Julie and I decide to take a break and look around the place. This is when I notice we are surrounded by celebrity chefs eating dinner at Senora Martinez. Two tables away from us is Nobu, but we’re confused isn’t he supposed to be cooking for the Daniel Boulud tribute dinner taking place at that exact moment. Now that is super chef power. He could become a member of “les Incroyables.”
I take a closer look at the bar which also has one of those great Italian hand cranking meat slicers.
Julie and I walk upstairs and run into Michael Symon on the restaurant’s outdoor deck. This time we have a more prolonged and relaxed chat. He is very nice and down to earth. We come back down to the next flurry of desserts tapas.
One of the dishes is a flan the table falls in love with. So we order another one. Super creamy with a fennel butter cookie.
We are completely satiated at the end of the meal and since our reservations were at 9pm the night has progressed and we head to the next big event a little private party put on by Rachel Ray at the Raleigh.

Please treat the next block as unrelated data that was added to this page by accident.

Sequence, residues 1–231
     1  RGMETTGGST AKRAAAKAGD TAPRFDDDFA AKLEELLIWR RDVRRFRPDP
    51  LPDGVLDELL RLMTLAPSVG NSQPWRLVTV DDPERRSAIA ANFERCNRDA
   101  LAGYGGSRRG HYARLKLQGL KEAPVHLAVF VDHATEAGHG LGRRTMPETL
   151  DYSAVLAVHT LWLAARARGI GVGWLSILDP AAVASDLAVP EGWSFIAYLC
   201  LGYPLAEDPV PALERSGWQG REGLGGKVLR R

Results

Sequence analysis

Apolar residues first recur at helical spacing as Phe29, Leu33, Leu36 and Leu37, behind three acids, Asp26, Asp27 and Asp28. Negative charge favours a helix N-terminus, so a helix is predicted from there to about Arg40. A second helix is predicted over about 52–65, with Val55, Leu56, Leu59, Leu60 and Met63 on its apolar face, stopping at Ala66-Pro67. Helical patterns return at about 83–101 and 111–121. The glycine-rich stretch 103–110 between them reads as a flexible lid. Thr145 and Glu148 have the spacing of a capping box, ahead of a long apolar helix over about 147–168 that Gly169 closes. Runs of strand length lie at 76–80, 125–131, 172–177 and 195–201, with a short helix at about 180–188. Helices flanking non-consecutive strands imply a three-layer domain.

They have a band playing but very quietly. It turns out their sound system is all messed up. Rachel is trying to get to the bottom of the problem and finally they get the problem resolved. People are huddled around heat lamps trying to stay warm. Guy Fieri is darting in and out of sealed off cabana tents. Rocco is loitering around the bar. They play an acoustic version of the Ramones “I want to be sedated” cmon what would Joey say? This party is a lot more relaxed than the others and many more chefs are represented. Finally they get their sound issues resolved and a chef gets on stage to play some songs. Rachel is singing along with a TV camera right in her face and occasionally a person breaks her space to talk to her. She is sans Body Guards tonight but her husband and Ken Oringer from Clio is there to keep the A list fans at bay.
At the end of the show the band has members of the audience come up for the Beatles song “all you need is love.”
It’s a “we are the world” moment.
Of course you would need to be wearing a wristband to hear that message.
Filed under: France, Heavenly grazing grounds, SOBE Wine and Food, Travels Tagged: | Anthony Bourdain, Emeril, Lee Schrager, Lola, Michael Symon, Michelle Bernstein, Ming Tsai, Nobu, Paula Dean, SOBE Wine and Food, Sra. Martinez, Tyler Florence